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p21 CellaCellap21 CellaCellaBy KIMBERLA CELLA and JUNE MCALLISTER FOWLER
    Twenty-five years ago, the first trains left the platform at Union Station as MetroLink began its inaugural ride in St. Louis, helping to expand our public transportation system. Since then, MetroLink has made its mark on our region and earned a reputation for doing so much more than just connecting riders to their destinations. It is also celebrated for the key role it plays in establishing healthier communities, stimulating economic development, increasing ridership access and helping to build sustainable communities on both sides of the river.
    MetroLink became a reality in our community with the help of a small group of business people, elected officials and interested citizens, who collectively understood the positive impact transit could have on our region. Together, in 1985, they formed the local transit advocacy organization known as Citizens for Modern Transit. The mission was simple mission – to help bring light rail to St. Louis. The organization’s hard work, coupled with the ability to creatively secure local matches for federal funding, aided in Metro Transit’s opening of the MetroLink in 1993 to record ridership.
    For many years since then, ridership exceeded national trends. Metro received many accolades and was even recognized internationally for its maintenance program.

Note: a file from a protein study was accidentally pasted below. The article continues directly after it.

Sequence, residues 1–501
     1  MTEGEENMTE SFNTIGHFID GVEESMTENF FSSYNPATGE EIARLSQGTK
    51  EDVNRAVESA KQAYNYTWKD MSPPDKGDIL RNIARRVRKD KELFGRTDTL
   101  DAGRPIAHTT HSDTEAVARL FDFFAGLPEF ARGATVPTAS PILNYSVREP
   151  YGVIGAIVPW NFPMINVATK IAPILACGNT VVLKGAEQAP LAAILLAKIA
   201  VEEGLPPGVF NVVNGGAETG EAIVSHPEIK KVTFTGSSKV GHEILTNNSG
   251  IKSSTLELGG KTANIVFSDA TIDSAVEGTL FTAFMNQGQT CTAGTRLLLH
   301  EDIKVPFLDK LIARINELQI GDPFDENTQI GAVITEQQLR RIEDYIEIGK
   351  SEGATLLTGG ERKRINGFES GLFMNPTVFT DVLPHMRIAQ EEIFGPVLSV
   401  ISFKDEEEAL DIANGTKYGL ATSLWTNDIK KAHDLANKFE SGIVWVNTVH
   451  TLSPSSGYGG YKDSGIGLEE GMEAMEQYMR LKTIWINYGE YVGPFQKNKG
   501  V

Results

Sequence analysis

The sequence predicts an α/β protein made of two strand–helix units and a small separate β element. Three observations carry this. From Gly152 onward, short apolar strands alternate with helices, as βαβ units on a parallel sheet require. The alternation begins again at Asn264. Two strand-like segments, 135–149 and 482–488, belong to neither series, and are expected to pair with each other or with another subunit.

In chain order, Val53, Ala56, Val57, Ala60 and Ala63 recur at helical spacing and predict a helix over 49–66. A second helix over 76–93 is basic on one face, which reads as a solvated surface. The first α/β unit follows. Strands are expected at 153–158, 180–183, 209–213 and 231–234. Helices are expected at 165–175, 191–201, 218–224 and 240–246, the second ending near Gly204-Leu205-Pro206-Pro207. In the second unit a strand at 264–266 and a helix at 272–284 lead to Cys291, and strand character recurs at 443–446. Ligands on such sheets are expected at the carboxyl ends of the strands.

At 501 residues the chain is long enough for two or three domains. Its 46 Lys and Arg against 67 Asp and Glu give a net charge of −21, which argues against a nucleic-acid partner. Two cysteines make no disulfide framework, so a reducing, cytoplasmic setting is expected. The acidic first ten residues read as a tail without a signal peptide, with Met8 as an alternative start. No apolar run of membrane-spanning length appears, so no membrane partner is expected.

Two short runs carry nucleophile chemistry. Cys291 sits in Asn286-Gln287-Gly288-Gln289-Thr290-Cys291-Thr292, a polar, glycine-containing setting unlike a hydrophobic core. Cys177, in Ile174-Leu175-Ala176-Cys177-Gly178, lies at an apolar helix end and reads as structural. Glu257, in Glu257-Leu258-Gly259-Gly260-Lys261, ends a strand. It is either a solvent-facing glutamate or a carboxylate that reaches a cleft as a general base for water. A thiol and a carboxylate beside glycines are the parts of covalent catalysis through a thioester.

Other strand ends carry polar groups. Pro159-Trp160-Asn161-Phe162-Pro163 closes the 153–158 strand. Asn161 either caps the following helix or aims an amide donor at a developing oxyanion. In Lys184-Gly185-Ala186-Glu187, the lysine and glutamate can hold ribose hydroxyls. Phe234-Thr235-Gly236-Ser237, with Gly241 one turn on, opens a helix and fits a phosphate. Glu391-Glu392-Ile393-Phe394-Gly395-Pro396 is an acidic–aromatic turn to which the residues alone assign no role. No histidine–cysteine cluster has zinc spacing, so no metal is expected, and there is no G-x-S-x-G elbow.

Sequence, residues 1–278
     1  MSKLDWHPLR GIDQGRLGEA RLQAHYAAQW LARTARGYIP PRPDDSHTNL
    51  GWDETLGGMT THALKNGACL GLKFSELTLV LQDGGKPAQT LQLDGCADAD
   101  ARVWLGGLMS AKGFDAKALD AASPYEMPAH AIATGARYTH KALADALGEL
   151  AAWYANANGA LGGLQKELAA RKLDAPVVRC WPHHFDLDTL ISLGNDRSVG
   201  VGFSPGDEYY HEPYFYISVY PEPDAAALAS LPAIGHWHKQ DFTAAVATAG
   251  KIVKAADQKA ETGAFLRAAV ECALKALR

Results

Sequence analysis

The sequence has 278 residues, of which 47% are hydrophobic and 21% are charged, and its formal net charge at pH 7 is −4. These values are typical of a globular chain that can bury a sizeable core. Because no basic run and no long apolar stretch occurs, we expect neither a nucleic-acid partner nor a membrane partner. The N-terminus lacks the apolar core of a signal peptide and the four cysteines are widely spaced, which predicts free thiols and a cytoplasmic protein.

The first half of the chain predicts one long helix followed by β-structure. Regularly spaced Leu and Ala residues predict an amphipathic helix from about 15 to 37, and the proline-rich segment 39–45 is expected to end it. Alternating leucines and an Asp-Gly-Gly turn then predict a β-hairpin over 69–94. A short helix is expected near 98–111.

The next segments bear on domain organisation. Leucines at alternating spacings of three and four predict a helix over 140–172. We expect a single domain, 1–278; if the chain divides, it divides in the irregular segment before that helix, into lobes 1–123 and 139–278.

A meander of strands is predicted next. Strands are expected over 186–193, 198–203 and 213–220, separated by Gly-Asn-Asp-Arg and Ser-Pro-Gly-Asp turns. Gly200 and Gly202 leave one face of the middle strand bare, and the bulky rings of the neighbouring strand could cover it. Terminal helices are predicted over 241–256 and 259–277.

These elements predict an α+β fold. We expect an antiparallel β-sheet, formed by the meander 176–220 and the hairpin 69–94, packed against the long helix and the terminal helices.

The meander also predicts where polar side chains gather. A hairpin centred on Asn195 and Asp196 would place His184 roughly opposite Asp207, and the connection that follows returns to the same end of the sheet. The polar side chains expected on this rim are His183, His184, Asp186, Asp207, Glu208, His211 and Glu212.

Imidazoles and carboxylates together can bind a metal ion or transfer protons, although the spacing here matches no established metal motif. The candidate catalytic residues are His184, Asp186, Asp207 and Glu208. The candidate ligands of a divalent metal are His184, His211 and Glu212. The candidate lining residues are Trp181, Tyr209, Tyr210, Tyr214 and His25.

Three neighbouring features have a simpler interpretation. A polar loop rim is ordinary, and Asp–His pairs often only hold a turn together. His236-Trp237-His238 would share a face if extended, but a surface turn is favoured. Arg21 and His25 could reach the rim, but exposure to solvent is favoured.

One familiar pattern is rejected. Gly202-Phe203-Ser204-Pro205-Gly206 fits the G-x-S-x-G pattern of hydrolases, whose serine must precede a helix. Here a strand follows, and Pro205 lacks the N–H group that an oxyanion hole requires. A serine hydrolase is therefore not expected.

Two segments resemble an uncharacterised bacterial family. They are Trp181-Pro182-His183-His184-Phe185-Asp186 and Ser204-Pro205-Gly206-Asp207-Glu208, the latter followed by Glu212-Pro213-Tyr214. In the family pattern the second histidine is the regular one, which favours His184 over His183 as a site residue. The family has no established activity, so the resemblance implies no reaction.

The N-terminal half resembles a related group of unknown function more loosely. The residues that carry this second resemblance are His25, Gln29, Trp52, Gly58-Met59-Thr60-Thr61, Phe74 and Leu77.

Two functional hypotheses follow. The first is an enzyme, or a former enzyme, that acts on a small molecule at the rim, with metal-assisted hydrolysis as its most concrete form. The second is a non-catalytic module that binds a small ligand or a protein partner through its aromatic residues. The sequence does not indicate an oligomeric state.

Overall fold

Voters have also done their part. Those living in the City of St. Louis rallied behind transit in 1997, as did those in St. Louis County in 2010, making national headlines for passing a sales tax by 63 percent to fund transit, despite a bleak economy. With such support, the original system continued to expand, and most recently, Metro celebrated the opening of the 38th MetroLink station positioned along 46 miles of light rail in Missouri and Illinois, which connects with MetroBus to form an integrated, and robust, public transportation system.
    In recent years, there has been a decline in ridership on the system and this is being actively addressed.
    A coordinated effort between law enforcement agencies, Bi-State Development and other key stakeholders is in full force to help ensure all riders have the confidence that they will experience a safe and secure ride. Metro is in the midst of examining the mobility needs of the region, evaluating the potential of new technology and innovative transit concepts, and providing a framework for phased improvements. Plus, the Northside-Southside MetroLink Corridor Study recently wrapped up and is set to provide recommendations tied to the next possible prioritized transit expansion project for the region.  
    Looking to the future, the greatest opportunity to be leveraged as a region is the build-out of more livable, walkable communities around the existing alignment. This would help St. Louis attract and retain millennials, immigrants and others who are more likely to choose transit, and other alternative modes, over buying cars and driving solo. It also helps provide access to needed products, goods and services.
    In short, the success of MetroLink is about so much more than just the ride that takes users from Point A to Point B. It is also about what is happening on the land seen from the windows of the train as it travels along the tracks. As the region celebrates MetroLink’s 25th anniversary, it’s a great time to consider how St. Louis is going to continue moving it forward in the years to come, because even though only some of us ride it, all of us need it.
    Kimberly Cella is executive director of Citizens for Modern Transit, and June McAllister Fowler, is Chair of CMT’s board of directors.